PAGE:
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|Title:||Effect of calcium chloride and 4-aminopyridine therapy on desipramine toxicity in rats|
Daniel E. Keyler
Paul R. Pentel
University of Minnesota Medical School
University of Minnesota Twin Cities
Hennepin County Medical Center
|Keywords:||Environmental Science;Pharmacology, Toxicology and Pharmaceutics|
|Citation:||Journal of Toxicology - Clinical Toxicology. Vol.34, No.5 (1996), 499-506|
|Abstract:||Background: Hypotension is a major contributor to mortality in tricyclic antidepressant overdose. Recent data suggest that tricyclic antidepressants inhibit calcium influx in some tissues. This study addressed the potential role of calcium channel blockade in tricyclic antidepressant-induced hypotension. Methods: Two interventions were studied that have been shown previously to improve blood pressure with calcium channel blocker overdose. CaCl2and 4-aminopyridine. Anesthetized rats received the tricyclic antidepressant desipramine IP to produce hypotension, QRS prolongation, and bradycardia. Fifteen min later, animals received CaCl2, NaHCO3, or saline. In a second experiment, rats received tricyclic antidepressant desipramine IP followed in 15 min by 4-aminopyridine or saline. Results: NaHCO3briefly (5 min) reversed hypotension and QRS prolongation. CaCl2and 4-aminopyridine failed to improve blood pressure. The incidence of ventricular arrhythmias (p = 0.004) and seizures (p = 0.03) in the CaCl2group was higher than the other groups. Conclusion: The administration of CaCl2or 4-aminopyridine did not reverse tricyclic antidepressant-induced hypotension in rats. CaCl2therapy may possibly worsen both cardiovascular and central nervous system toxicity. These findings do not support a role for calcium channel inhibition in the pathogenesis of tricyclic antidepressant-induced hypotension.|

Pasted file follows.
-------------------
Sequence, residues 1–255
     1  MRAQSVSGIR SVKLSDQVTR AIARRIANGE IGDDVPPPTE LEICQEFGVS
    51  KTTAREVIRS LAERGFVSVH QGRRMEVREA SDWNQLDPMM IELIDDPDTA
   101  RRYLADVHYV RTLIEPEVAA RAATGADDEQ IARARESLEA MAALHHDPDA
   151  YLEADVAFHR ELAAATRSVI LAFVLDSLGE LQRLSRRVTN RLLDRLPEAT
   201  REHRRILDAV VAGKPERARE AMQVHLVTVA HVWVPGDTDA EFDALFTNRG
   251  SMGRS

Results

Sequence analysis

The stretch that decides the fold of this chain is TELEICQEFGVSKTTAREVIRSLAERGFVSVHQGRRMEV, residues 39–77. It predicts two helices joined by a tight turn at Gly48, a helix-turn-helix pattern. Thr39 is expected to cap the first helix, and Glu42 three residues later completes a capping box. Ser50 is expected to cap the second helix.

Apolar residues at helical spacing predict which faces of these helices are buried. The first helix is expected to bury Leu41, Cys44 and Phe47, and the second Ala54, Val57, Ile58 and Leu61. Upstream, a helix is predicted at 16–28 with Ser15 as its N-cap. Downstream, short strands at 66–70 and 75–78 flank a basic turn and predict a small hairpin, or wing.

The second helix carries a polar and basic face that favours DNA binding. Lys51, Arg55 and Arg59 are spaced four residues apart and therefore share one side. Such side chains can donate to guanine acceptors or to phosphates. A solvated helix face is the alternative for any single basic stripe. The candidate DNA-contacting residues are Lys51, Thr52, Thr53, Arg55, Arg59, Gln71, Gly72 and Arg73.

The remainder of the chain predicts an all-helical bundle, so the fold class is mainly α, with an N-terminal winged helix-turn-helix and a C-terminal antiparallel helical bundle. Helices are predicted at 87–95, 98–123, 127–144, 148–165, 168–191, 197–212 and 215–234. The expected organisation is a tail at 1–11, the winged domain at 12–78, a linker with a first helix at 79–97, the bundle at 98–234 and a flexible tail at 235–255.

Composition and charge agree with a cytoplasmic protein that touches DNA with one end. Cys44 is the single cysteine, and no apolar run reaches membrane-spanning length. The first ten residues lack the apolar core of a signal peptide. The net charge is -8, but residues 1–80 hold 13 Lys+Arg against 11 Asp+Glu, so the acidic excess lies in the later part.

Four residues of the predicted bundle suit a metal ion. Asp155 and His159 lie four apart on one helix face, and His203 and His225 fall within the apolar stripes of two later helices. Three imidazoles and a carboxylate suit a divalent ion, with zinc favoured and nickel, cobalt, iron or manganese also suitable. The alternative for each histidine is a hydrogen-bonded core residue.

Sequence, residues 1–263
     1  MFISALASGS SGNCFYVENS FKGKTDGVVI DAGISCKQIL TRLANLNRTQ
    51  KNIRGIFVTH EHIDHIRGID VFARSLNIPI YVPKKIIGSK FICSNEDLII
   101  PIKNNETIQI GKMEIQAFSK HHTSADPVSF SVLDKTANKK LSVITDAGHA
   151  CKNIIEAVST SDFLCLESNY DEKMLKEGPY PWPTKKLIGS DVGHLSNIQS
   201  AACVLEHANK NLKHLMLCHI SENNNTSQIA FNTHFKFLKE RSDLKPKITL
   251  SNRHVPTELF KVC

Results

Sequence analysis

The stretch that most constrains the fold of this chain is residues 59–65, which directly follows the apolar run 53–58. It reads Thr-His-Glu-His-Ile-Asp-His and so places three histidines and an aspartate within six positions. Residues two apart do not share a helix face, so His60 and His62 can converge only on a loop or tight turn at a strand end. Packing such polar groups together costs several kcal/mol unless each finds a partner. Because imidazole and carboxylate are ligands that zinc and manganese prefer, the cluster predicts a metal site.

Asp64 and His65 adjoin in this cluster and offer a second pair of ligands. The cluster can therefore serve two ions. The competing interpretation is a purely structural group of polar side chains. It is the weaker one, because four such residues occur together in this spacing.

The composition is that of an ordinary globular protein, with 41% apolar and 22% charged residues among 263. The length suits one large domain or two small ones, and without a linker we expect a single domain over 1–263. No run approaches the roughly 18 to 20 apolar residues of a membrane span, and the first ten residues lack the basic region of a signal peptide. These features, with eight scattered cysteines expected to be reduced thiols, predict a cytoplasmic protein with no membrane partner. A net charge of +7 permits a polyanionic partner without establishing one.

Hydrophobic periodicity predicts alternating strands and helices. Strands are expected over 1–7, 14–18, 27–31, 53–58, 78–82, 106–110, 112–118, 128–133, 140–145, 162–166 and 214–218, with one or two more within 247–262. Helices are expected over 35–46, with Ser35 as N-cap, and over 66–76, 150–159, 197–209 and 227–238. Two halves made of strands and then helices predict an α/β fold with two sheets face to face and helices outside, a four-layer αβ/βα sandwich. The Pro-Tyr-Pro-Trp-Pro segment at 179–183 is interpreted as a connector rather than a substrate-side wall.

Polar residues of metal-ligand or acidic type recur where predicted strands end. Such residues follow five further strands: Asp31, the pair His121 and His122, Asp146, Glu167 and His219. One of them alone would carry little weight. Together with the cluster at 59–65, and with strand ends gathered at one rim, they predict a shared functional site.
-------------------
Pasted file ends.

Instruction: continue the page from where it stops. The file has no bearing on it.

|Appears in Collections:||Scopus 1991-2000|
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